South Africa May Find Democracy Isn't Easy

March 06, 1994|By PETER HONEY

JOHANNESBURG, SOUTH AFRICA — Johannesburg, South Africa. -- South Africa's brave new democracy may look a whole lot better on paper than in practice.

With the rapid approach of the April 26-28 election that will set the process in motion, one has to ask if the constitution is good enough, or will it permit a new tyranny to rise from the ruins of apartheid?

The question may seem churlish in light of the historic accord in November when nearly all of South Africa's political parties approved a draft of the country's first fully democratic constitution. It was rightly seen as a seminal event, the fruit of nearly four years of arduous negotiation, that would draw the blinds finally on white supremacist rule and embrace all citizens for the first time in a protective non-racial democracy.

But it also precipitated an ideological clash; a conflict overshadowed for years by the preoccupying struggle over apartheid. With that struggle over, the flash point now is between ethnic minorities demanding a pluralist federation and the cross-cultural majority who believe that centralist control and the dilution of ethnic identity are essential to nationhood.

Neither side seems ready to back down. In the last few months:

* Heavily armed white rightists have threatened to disrupt the elections and resort to war unless they are granted a secessionist Afrikaner "volkstaat."

* Terrorist attacks across racial and ethnic lines have escalated sharply.

* The powerful KwaZulu chief minister and Inkatha Freedom Party leader, Mangosuthu Buthelezi, and other conservative white and black groups, have refused to contest the election unless the constitution is amended to allow more autonomy for regional governments, many of which would have a strong ethnic flavor -- a boycott that would almost certainly spark widespread violence and practically negate any hope of a free election in several parts of the country.

* Leading Communist and African nationalist politician Joe Slovo, destined to play an influential role in the new government, has warned that militant right-wing resistance will have to be "crushed" for national reconstruction to proceed.

* The multiparty Transitional Executive Council, charged with overseeing government through the election process, has retained much of the old apartheid government's detention-without-trial law -- to the disgust of thousands of anti-apartheid campaigners, including some council members, who were jailed under it in their activist days.

These developments portend that Nelson Mandela's African National Congress, virtually assured of a strong electoral victory and hence overwhelming dominance in the new government of national unity, will come to power not only with a fight on its hands, but with the ready inclination to strike back.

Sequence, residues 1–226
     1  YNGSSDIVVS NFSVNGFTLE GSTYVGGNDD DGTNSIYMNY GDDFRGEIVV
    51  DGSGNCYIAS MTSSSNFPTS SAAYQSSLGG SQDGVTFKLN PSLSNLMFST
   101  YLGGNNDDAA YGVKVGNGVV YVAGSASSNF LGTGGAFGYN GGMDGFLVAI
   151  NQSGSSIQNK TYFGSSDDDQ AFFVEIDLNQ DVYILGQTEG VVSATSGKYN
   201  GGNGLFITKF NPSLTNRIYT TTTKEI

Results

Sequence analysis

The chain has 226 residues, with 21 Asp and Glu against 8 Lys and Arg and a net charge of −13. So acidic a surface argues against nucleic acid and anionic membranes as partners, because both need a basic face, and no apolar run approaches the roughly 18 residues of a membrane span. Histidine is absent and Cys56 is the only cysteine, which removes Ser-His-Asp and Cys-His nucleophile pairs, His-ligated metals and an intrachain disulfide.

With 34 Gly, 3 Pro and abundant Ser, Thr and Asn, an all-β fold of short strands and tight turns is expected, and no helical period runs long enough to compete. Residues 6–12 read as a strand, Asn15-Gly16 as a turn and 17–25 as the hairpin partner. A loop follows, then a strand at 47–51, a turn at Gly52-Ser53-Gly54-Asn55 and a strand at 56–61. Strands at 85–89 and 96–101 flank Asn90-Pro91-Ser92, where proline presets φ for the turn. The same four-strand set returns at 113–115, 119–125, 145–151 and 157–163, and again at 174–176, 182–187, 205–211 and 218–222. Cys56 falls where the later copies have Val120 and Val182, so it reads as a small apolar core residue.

Analysts nowadays routinely assess the military strengths of political foes and gauge the government-to-be's ability to suppress subversion and insurrection. They generally agree that the superior powers of the state will prevail.

And when they do, what comforts will there be for the common citizen? The Bill of Rights comes equipped with a loophole allowing Parliament to curtail human rights in instances it considers "reasonable." And if that proves insufficient, the entire Bill of Rights can be suspended by a state of emergency.

Of course, this is playing on exigency. But in daily life, too, the constitution will not limit the role and purpose of government, nor prevent nationalization of industry or state interference in the free market system. It rejects the notion that cultural organizations such as social clubs, universities, chambers of commerce, or sports and the arts should be protected from government intrusion.

It is also no surprise, considering that one third of the ANC's top leadership is Communist, that the constitution minimizes regional autonomy and leaves the nine newly defined provinces financially dependent on the central government, granting them weaker governance than any U.S. state and less even than some counties.

When Chief Buthelezi raised objections to this, he was shouted down as a spoiler. Whatever his motives, he was not the only one troubled by the fact that the ANC and President F. W. de Klerk's National Party -- the two largest parties -- dominated the constitutional negotiations to the extent that they practically dictated the terms.

It also troubles many people (not just Chief Buthelezi) that the constitution will be scrapped and rewritten in two years by the parties elected in April. And if the ANC wins two-thirds of the vote (which it may), it will have exclusive powers to redraw the constitution, with the constraint only that it must abide by rather vague constitutional principles contained in the current document.

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